WASHINGTON – Almost 98% of the active-duty military had received at least one dose of the mandatory COVID-19 vaccine by this week’s shooting deadline, but more than 3,800 troops have flatly refused and may begin to be withdrawn military next month, officials said Thursday.
The largest US military service, however, reported the smallest number of servicemen requesting a religious exemption – just over 1,700 soldiers – compared to the other three smaller services. By comparison, there are more than 4,700 in the Air Force, 3,000 in the Marine Corps and 2,700 in the Navy requesting religious exemptions, according to data released by the services last week. None have yet been approved.
The Pentagon announced earlier this year that the vaccine was mandatory for all military personnel, including the National Guard and the Reserve. Defense Secretary Lloyd Austin has repeatedly stated that obtaining the vaccine is essential to maintaining a healthy and ready force that can be ready to defend the nation. The Pentagon also weighs make COVID-19 vaccine recalls mandatory for the military.
The military, which totals more than 478,000 active-duty troops, had the last deadline for vaccination among the services for its active-duty troops – Wednesday. And it scored the second highest rate for those who got at least one hit. The Navy leads with over 98%, while the Air Force is at 97.5% and the Marine Corps at 95%.
The other services had earlier deadlines. the The Air Force required vaccines for active duty by November 2, while members of the Navy and Marine Corps had until Nov. 28 to get the blows and their reserve members have until Dec. 28. The Air Force Guard and Reserves had until December 2, and the Army Guard and Reserve Soldiers had until next June.
According to data released by the military, more than 2,700 soldiers who refused the vaccine have already received written reprimands and six soldiers have been dismissed from their leadership positions. The military has said soldiers who refuse the vaccine should not take leadership positions.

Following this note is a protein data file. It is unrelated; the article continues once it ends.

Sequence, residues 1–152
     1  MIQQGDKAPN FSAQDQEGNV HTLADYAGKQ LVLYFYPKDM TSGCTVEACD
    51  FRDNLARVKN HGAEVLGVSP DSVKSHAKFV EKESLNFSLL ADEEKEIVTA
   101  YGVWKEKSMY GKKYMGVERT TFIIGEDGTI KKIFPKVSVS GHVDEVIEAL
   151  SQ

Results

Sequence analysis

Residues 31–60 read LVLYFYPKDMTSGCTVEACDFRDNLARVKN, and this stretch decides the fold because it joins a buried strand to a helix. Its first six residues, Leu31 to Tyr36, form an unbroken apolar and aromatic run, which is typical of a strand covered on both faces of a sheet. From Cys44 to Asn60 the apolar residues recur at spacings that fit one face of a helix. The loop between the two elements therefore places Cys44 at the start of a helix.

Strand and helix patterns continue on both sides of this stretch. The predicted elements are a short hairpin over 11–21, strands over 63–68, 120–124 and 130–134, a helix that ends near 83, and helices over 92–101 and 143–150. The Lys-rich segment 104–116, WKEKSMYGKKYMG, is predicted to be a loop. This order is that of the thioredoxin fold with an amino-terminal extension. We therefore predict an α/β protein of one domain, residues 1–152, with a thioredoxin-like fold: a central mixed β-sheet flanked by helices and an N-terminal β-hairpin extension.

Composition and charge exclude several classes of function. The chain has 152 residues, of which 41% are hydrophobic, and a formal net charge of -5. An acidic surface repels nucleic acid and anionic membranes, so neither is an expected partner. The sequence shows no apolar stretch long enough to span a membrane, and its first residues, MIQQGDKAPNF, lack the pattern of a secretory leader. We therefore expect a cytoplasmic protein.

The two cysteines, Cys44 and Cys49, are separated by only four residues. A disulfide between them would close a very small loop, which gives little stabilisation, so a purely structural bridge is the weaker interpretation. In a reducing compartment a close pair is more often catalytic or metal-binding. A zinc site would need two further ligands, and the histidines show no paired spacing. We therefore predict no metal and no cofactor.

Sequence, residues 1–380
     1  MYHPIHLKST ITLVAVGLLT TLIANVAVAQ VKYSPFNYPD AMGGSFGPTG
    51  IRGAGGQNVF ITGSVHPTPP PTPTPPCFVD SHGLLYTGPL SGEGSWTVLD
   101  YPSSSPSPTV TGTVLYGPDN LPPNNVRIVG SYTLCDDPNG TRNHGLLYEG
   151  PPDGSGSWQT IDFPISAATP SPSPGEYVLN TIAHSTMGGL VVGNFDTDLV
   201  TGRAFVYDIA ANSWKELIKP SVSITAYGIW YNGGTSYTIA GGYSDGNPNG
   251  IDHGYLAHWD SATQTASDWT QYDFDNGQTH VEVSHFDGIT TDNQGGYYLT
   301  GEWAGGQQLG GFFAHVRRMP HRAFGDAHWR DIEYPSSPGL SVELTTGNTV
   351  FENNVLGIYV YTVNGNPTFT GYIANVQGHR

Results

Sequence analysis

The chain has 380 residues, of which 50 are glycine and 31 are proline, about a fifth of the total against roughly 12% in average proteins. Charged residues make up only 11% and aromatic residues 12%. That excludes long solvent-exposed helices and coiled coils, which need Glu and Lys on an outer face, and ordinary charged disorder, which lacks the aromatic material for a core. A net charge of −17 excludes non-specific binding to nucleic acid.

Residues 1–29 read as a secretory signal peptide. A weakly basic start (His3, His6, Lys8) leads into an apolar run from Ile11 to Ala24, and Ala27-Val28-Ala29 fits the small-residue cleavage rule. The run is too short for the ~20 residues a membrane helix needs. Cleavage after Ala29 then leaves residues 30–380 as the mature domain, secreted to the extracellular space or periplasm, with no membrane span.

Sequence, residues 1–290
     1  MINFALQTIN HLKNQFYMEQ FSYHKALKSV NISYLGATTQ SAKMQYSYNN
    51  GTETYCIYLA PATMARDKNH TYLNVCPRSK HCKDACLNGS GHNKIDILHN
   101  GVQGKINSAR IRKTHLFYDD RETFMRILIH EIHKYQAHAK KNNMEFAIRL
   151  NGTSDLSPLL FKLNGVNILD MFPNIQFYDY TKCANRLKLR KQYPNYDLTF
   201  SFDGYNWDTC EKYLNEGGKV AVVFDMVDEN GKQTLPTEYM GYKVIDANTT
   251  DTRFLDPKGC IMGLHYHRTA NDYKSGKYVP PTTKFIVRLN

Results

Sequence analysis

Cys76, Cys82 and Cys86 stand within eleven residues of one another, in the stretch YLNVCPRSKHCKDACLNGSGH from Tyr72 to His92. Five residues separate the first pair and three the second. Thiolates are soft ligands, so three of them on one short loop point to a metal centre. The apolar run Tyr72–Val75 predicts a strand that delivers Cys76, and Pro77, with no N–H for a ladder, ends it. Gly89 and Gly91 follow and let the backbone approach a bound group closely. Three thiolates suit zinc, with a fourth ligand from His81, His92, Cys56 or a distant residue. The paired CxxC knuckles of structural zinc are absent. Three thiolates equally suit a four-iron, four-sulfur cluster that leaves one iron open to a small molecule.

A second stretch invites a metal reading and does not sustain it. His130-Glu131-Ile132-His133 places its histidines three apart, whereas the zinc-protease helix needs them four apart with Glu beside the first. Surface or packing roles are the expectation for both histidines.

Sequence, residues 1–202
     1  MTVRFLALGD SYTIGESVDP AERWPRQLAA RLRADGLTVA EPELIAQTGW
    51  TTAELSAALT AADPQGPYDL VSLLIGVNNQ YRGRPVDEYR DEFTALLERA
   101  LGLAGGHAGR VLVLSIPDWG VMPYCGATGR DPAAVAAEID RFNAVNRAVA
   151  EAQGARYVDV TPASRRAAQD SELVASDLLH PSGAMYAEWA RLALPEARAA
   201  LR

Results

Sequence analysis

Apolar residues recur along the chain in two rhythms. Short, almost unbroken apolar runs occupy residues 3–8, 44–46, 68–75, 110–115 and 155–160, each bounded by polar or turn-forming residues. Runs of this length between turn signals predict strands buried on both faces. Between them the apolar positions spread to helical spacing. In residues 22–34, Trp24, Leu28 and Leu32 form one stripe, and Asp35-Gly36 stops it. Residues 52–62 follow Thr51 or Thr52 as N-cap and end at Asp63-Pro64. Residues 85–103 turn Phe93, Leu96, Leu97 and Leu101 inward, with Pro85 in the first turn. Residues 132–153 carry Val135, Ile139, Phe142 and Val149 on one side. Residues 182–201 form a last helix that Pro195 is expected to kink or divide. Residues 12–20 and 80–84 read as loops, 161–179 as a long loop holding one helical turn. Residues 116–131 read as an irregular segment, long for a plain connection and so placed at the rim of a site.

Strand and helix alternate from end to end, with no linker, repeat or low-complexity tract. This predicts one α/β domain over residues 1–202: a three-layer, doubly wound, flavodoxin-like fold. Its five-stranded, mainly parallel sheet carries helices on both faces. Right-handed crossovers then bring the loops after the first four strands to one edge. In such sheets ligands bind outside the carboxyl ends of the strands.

Procedures to start offloading those who refuse the vaccine are expected to begin in January, giving the soldiers a little more time to change their minds before they are forced to leave. Students at the US Military Academy at West Point who refuse the vaccine and do not obtain an approved exemption will not be appointed as officers.
the The Air Force said this week it had already fired 27 airmen for refusing to obey a legal order and to be vaccinated against COVID-19, which makes them what officials believe are the first members of the service to be fired for disobeying the shooting warrant.
The airmen were formally dismissed from their duties for non-compliance with an order. It is possible that some had other infractions in their records, but all had vaccine refusal as part of their discharge.
Overall, the military said more than 6,200 troops were seeking some sort of temporary or permanent exemption, including 641 medical requests and 1,746 religious requests.
Of these 6,200 requests, nearly 3,900 were granted temporary waivers. Four were granted permanent medical exemption. Temporary exemptions can be for a variety of reasons, ranging from medical reasons, such as pregnancy, to administrative reasons, such as someone retiring or being in a remote location where there are no readily available vaccines.
Across the military, the response to the vaccine mirrored that of society as a whole, with thousands of members requesting exemptions or refusing the vaccines. But overall, the percentage of troops – especially active-duty members – who were promptly fired upon exceeds nationwide numbers. According to the Centers for Disease Control and Prevention, approximately 72% of the American population aged 18 or older has received at least one injection.
Members of the US military are already expected to receive up to 17 vaccines, depending on where they are deployed. The requirements – which include smallpox, hepatitis, polio and influenza vaccines – also provide for a number of temporary and permanent exemptions for medical or administrative reasons.
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